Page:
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Acupuncture Today
October, 2015, Vol. 16, Issue 10
 
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Help: A Need at Every Level

By Shai White-Gilbertson, PhD, MSCR, Dipl Ac, CTR

One of the great gifts of training in acupuncture is the ability to take good care of oneself. I recently had a bout of frozen shoulder — an inflammatory syndrome which can be debilitatingly painful and take years to resolve.

Luckily, I figured out what was happening quickly and started needling nearly every day. Sometimes the needles were placed locally, but often distal points were needled to help pull heat away from the painful site. Some mornings, as soon as I woke up, I could feel the overwhelmed LI 11 points, asking for attention. I'm convinced that acupuncture played a key role in allowing me to fly through the acute stage in about a month and arrive on the other side of frozen shoulder in about six months.

When a patient has become knotted in some unhealthy way, be it frozen shoulder or any other pathology, the work of the acupuncturist may be much more subtle than pounding out the knot. The patient's whole system may need adjusting, perhaps with a push or pull at quite a distance upstream or downstream from the presenting complaint. It's not uncommon for a patient to ask why needles would be inserted close to their knees for a digestive symptom. But, when ST36 is employed correctly it helps to un-knot the whole person and improved digestion proceeds naturally from there. This healing art of re-shaping a system so that a healthy conformation can emerge is a marvelous gift, and it is a dynamic we depend on both for healing our diseases and for our foundational health at the cellular level.

back acupuncture - Copyright – Stock Photo / Register Mark There is a whole family of proteins who populate our cells and whose explicit job is to shepherd other proteins through the process of attaining their healthy shape. These helpers are called chaperone proteins, and the proteins they help are referred to as their client proteins. Like patients in an acupuncturist's office, client proteins may face a number of challenges in their quest to achieve a healthy and functional state.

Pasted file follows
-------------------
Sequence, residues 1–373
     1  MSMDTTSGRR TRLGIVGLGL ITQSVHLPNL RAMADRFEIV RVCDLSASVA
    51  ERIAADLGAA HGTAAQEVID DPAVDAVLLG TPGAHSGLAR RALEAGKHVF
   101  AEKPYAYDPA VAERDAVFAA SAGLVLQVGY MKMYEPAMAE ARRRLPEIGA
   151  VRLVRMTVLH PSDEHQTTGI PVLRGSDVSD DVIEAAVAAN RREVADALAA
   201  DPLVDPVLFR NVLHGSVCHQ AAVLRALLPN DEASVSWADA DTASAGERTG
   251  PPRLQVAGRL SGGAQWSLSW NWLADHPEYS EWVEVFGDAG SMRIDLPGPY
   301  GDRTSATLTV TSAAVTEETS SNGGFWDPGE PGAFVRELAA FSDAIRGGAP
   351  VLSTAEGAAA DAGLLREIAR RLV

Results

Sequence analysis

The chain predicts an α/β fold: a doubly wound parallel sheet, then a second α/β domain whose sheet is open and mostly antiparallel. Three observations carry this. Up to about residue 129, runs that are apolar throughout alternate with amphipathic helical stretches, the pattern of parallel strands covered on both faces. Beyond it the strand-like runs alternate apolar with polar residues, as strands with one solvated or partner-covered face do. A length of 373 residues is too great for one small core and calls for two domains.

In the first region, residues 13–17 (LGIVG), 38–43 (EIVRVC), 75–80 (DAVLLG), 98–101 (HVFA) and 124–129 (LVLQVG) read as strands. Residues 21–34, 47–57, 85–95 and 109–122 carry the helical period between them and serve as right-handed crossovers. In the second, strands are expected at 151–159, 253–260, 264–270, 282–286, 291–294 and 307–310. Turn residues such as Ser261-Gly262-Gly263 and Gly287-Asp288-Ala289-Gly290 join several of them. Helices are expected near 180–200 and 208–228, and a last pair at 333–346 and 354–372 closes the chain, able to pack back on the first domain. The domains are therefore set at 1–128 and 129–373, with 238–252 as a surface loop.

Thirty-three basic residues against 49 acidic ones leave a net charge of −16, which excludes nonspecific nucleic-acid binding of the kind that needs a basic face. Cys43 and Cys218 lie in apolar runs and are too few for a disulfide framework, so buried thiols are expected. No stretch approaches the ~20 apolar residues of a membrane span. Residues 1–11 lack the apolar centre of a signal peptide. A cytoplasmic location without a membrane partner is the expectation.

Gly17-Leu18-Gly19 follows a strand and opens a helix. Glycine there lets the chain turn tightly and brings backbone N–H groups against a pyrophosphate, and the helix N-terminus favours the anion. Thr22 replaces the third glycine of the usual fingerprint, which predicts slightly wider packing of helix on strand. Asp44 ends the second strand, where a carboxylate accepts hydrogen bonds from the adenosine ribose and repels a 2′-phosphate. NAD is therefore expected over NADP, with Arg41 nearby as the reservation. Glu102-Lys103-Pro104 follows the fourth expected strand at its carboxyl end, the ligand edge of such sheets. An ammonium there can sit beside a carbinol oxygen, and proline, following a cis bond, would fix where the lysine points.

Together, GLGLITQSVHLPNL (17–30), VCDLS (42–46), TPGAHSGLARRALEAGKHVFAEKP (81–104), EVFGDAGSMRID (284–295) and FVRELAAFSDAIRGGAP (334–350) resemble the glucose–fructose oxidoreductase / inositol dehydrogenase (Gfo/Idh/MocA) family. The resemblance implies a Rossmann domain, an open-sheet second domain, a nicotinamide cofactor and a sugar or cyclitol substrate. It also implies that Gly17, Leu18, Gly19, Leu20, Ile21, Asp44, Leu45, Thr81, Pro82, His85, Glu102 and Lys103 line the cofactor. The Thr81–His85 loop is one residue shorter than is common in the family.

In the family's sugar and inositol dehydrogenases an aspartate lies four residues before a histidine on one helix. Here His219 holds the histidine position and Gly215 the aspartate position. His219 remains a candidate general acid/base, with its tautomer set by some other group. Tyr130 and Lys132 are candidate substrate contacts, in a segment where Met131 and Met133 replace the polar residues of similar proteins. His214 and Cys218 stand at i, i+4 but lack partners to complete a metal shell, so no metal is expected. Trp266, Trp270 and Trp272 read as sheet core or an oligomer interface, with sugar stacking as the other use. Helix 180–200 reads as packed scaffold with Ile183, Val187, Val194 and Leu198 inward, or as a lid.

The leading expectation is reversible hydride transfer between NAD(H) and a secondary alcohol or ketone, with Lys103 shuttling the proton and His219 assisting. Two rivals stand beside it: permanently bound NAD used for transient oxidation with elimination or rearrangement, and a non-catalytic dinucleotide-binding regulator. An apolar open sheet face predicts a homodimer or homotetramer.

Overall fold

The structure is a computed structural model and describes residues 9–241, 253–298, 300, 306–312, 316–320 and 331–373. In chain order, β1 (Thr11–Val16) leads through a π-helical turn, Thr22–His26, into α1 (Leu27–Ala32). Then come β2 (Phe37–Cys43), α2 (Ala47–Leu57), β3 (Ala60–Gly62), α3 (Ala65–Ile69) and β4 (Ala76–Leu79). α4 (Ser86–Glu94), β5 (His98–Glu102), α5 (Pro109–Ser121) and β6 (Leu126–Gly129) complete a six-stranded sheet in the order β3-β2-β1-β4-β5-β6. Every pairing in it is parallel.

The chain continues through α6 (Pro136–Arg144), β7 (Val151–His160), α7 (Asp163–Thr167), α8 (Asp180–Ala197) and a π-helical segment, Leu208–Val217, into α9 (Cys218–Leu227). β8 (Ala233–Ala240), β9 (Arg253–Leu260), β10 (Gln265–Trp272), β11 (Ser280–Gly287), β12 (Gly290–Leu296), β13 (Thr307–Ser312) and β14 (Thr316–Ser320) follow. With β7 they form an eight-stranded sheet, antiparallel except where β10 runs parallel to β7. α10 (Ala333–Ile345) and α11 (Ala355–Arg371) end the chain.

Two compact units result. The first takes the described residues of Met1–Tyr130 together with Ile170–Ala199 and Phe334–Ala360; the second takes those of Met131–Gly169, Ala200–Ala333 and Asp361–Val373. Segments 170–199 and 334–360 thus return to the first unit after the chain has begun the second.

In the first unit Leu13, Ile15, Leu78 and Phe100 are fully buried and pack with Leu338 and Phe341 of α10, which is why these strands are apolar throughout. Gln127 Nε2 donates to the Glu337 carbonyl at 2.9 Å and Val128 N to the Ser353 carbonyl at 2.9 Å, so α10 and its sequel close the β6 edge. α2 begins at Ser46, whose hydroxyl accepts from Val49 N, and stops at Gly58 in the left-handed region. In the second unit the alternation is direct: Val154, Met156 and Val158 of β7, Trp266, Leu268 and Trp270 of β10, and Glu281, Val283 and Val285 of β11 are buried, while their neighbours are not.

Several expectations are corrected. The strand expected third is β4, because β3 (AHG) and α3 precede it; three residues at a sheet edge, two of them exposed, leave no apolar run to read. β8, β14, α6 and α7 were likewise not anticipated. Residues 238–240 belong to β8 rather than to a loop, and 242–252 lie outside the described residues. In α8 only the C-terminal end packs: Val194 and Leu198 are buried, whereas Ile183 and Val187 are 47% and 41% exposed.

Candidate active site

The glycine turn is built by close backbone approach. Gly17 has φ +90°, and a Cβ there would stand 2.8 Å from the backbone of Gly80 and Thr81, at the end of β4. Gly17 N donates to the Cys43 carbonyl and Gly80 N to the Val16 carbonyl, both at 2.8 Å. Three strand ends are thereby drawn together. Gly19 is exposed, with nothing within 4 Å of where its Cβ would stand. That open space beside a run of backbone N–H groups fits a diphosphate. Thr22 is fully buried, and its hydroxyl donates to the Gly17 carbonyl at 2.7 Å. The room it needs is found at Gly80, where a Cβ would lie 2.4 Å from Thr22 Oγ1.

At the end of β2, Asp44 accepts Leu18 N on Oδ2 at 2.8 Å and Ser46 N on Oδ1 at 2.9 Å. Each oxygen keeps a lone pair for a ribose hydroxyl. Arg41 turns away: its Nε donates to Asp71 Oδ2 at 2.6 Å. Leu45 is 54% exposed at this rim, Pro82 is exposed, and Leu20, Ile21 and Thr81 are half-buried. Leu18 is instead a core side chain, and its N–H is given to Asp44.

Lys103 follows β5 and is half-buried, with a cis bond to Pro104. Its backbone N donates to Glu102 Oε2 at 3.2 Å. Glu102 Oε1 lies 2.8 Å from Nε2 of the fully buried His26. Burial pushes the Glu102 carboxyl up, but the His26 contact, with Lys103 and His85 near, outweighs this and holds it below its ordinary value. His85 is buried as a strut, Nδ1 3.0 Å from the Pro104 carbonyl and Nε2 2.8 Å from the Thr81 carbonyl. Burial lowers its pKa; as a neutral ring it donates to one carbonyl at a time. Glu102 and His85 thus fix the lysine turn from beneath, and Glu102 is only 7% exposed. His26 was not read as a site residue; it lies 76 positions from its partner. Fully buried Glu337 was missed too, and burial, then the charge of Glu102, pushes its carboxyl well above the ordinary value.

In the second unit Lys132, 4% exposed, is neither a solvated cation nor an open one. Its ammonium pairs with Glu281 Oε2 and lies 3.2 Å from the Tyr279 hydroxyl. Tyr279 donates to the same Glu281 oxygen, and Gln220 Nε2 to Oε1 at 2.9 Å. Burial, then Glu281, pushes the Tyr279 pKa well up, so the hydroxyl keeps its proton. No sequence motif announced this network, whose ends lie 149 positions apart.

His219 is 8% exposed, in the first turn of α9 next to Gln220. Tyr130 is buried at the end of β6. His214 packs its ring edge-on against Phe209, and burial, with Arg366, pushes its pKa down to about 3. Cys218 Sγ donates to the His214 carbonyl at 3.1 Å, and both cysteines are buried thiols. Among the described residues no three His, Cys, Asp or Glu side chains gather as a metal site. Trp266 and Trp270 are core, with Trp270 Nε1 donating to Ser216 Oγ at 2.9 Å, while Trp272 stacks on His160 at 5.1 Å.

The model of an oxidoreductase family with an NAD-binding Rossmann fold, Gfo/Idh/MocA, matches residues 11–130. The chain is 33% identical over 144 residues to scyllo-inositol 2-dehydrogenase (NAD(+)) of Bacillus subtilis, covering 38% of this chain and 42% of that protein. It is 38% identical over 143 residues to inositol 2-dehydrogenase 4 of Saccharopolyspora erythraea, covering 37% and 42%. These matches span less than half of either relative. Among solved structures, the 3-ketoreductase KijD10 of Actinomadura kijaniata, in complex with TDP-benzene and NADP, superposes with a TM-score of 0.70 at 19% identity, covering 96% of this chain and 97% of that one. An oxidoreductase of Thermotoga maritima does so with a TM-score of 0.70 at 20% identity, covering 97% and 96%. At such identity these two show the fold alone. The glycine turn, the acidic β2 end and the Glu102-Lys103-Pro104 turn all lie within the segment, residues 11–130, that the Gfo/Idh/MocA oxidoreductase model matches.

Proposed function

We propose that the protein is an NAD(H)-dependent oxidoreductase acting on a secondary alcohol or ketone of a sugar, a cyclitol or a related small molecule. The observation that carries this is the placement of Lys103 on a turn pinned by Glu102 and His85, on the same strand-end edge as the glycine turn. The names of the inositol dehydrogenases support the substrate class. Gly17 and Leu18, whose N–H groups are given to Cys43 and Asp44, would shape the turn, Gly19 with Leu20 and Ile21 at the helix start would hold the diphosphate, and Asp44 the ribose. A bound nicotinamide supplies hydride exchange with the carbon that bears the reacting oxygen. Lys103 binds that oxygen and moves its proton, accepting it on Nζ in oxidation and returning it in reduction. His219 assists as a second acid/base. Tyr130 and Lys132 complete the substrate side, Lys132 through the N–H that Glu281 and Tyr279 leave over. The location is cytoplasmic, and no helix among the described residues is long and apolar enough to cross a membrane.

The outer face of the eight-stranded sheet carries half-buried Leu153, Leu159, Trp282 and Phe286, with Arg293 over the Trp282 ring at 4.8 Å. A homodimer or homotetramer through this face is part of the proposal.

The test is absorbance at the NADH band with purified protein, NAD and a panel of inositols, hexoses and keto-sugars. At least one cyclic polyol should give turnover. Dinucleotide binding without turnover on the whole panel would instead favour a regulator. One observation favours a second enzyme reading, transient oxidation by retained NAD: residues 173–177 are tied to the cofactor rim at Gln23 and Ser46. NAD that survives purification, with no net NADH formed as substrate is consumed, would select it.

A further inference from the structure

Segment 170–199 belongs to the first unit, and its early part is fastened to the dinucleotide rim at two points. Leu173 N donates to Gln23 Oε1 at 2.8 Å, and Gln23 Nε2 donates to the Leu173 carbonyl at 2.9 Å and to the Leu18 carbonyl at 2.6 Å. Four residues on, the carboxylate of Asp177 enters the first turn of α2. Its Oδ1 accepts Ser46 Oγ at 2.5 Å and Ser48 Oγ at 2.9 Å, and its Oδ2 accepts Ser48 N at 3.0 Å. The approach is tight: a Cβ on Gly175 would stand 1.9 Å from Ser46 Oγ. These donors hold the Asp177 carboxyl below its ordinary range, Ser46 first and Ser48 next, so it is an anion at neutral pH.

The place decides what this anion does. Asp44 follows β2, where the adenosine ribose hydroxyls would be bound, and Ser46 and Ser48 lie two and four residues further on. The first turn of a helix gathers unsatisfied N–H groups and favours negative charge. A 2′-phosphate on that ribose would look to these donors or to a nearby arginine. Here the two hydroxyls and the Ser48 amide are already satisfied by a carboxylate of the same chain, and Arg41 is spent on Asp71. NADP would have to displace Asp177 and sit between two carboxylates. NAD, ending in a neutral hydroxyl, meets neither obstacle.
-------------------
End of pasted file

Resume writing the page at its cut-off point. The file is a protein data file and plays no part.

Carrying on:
When proteins are initially assembled, individual amino acids are linked together in a long chain which must fold into a very specific final shape in order to function. Depending on which amino acids are present at any given point in the chain, different properties arise locally. For instance, some amino acids carry a positive charge. A long stretch of these amino acids will make that section of the original string strongly positive, and it will tend to lean toward any negative charge it encounters. There can certainly be a stretch of negative charge elsewhere in the same string, making the protein inclined to bend and hold its negative and positive parts together. What if this would destroy the proper conformation? Imagine another scenario: two distant sections of the chain have to be linked together in order to form a little pocket which is critical to the protein's eventual function. What will guide those two sections toward one another in a targeted way? The plain fact is that without chaperone proteins, there are client proteins which would never fold correctly — there are too many other, easier conformations to fall into left to chance. Left to themselves, the client proteins would become knotted, dysfunctional, or even pathogenic. Only the targeted care of a chaperone protein allows them to achieve an ordered state.